Like a lot of photographers, one of the pleasures we draw from our lifestyle is the ability to reflect on our work when we process the images. Only a decade ago I would wait at a cafe near my favorite lab, Chrome N’ R, usually with a friend or two, for the chromes to be processed and mounted. I could never wait to get home to view the slides so I would hold them up to the windshield while driving home for a quick glance. It was exciting! Now, it’s just as exciting and a LOT faster since I ingest them into my computer, process and upload to my Photoshelter archive within a hour or two. Long gone are the days of marking slides with dots, preparing FedEx slips and waiting days for the editors in NY or Washington to view them. Once the images are on my Photoshelter site, I create a very loosely edited gallery and send the password protected link with download privileges to the assigning editor. Done! What’s nice about the archive is the ability to keep the images unsearchable and private to just my client until they publish the work. Once the images run,  I can select the photos I want to FTP and send them directly to my agency, Aurora, from my archive. From there it’s a simple keyboard command and the photos become searchable to the public.

Campesina tying grape vines in fields of California

Campesina tying grape vines in fields of California

I guess that’s a good explanation for what a photojournalist does………..Except, that kind of leaves out the whole part about audio, video, and editing in Final Cut Pro. Oh yeah, that also fails to mention the need to post your images on social network sites like Facebook and Twitter. Oh, I forgot the part about maintaining a photo blog! Don’t forget that. Wait, wait, wait, one more thing! I forgot to mention that you need to understand and implement Search Engine Optimization (SEO!) by keywording, filenaming and including descriptive text on your site. And you definitely need to set up Google Analytics to evaluate your site so that you can……………

James K. Colton Lecture at Annenberg

I had a chance to catch a long time editor, mentor and friend lecture the other night at the Annenberg Space for Photography in Century City. Jimmy Colton, Picture Editor at Sports Illustrated, flew in from NY to speak to a packed house about what he looks for when editing for Sports Illustrated. Having worked and known Jim for twenty years now, I was still impressed by the passion and desire to reach out to young photographers that he exhibited during the evening.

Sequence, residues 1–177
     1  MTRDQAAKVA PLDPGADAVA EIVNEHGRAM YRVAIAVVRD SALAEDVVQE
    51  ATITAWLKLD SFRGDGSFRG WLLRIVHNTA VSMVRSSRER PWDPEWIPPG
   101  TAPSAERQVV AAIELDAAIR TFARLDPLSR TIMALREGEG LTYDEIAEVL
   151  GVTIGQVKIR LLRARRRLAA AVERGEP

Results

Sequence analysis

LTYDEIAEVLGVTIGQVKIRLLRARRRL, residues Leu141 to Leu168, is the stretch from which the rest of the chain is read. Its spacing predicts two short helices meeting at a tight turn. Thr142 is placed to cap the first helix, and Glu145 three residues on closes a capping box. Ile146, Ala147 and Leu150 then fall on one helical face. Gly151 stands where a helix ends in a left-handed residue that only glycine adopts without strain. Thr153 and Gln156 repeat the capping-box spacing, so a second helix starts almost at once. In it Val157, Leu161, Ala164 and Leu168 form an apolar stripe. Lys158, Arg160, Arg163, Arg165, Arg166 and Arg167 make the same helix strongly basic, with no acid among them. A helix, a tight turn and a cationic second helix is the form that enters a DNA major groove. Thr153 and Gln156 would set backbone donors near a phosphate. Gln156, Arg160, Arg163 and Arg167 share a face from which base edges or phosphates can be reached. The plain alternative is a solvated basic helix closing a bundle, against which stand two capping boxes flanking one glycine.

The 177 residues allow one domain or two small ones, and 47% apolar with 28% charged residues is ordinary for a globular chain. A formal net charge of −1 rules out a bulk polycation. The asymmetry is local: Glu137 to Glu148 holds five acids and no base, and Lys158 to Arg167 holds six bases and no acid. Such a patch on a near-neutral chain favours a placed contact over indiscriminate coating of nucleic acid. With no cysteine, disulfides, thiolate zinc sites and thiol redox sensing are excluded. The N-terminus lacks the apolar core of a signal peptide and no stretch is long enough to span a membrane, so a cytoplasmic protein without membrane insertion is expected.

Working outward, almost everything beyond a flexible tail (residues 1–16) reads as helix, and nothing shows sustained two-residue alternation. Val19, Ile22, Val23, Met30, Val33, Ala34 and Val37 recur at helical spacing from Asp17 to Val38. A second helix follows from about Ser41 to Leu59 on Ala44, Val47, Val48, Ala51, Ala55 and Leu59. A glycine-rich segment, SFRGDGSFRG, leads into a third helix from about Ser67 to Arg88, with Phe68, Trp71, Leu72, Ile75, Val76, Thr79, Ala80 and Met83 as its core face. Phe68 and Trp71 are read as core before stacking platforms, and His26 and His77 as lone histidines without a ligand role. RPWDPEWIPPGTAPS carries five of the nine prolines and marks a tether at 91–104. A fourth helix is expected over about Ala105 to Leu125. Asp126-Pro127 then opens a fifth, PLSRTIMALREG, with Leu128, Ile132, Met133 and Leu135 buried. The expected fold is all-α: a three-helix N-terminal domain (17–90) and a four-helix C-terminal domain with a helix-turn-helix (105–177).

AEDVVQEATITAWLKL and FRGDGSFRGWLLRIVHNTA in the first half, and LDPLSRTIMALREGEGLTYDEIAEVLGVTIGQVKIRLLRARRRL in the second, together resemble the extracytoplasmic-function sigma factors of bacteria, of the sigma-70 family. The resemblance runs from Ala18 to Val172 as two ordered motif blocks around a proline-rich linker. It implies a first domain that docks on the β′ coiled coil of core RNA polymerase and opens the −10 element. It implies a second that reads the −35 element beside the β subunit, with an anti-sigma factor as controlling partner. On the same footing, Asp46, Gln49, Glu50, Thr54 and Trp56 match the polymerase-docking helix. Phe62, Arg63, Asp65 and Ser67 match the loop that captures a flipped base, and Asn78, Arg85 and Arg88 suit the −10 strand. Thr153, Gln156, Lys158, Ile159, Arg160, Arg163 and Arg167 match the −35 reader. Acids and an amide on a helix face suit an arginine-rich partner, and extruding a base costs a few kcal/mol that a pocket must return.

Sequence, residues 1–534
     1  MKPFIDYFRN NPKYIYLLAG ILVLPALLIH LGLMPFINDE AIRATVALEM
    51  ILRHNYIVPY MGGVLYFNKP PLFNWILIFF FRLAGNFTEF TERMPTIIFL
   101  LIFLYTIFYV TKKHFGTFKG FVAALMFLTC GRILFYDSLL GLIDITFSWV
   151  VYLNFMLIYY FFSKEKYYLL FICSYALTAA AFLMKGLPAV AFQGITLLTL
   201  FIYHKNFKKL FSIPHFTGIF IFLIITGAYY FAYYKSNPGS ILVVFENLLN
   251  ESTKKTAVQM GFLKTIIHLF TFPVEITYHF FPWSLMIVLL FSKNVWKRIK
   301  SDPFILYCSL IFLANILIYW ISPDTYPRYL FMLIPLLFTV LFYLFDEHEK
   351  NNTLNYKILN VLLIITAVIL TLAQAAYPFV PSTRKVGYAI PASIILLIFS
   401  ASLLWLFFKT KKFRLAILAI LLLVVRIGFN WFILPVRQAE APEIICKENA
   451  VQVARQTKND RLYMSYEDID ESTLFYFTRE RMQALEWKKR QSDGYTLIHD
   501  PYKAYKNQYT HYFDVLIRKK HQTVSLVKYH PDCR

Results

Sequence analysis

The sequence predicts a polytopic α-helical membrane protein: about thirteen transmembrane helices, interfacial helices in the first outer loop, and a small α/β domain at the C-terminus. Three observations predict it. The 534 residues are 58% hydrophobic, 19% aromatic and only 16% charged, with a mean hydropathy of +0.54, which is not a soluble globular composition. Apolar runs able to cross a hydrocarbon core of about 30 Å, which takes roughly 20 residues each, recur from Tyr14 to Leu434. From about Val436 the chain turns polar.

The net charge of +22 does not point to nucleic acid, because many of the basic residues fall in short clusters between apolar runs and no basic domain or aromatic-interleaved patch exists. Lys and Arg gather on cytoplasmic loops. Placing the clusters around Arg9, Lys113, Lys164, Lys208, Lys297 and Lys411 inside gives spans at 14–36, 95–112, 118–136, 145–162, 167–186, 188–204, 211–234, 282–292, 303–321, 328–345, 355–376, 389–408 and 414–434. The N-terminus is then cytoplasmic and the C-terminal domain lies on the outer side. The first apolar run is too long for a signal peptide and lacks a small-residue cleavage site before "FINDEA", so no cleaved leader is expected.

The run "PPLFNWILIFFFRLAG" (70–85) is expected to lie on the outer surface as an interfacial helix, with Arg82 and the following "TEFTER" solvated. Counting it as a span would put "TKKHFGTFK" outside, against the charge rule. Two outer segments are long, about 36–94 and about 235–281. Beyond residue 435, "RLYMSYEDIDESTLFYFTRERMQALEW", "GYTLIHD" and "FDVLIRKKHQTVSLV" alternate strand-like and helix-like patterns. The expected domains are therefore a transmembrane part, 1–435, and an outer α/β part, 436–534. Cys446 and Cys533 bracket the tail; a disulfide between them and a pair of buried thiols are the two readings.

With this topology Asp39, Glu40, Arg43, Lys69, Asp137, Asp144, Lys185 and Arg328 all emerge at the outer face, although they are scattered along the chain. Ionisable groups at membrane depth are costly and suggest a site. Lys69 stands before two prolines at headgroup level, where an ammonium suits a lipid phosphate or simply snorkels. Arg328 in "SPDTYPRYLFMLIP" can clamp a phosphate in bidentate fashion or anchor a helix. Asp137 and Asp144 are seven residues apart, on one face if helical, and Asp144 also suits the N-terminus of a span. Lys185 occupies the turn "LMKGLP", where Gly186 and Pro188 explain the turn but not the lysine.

He showed a lot of great images. No surprise there given SI has always been about the photos (sorry to my friends who write for the mag, but there is more than a modicum of truth to that!). Jimmy showed iconic images and examples of the magazines evolution into convergence with audio slideshows and use of video. All that fine work aside, it was the inflection in the voice, the impassioned pleas to forget about how bad things are in the publishing world (while acknowledging that these are tough times) and create images that make impact. Cause a reaction, Jimmy said, and you’ve succeeded.

I had the pleasure of sitting next to a group of students, one from California State University, Northridge, where I lecture part time, and several from Brooks Institute of Photography.  First, it was energizing to see that the students, at least one of whom has no interest in “sports,” had the desire to travel LA’s labyrinth of freeways at rush hour to listen and learn from one of the industry’s most accomplished editors. Then to watch their reactions and listen to their questions and comments was a glimpse into the future and I liked what I saw. Jimmy reached them. And not just with sports, but with photojournalism in general. Telling a story about another colleague, Lynn Johnson (a fantastic photographer whose work has graced the pages of National Geographic, SI, the NY Times Magazine and beyond), taking photos of young kids in the Dominican playing ball with sticks and the reader reaction to the photos, Jimmy explained how Lynn’s images made a real impact. Readers asked how they could donate so the kids could have real baseball gear and before they knew it, Jimmy and Lynn gathered enough gear and personally delivered it to the kids in the Dominican Republic. I could see the impact the story had on the students sitting next to me.

Jimmy made sure to emphasize how well the business of photojournalism has treated him. In return, he is committed to giving back and does so in a variety of ways. He helps young photographers by being available to them for advice and professional critiques. He has given since the beginning (over 20 years ago) to helping young photojournalists accepted into the Eddie Adams Workshop. I was one of those, so I can tell you forthright that he walks the walk. He is also committed to Do 1 Thing.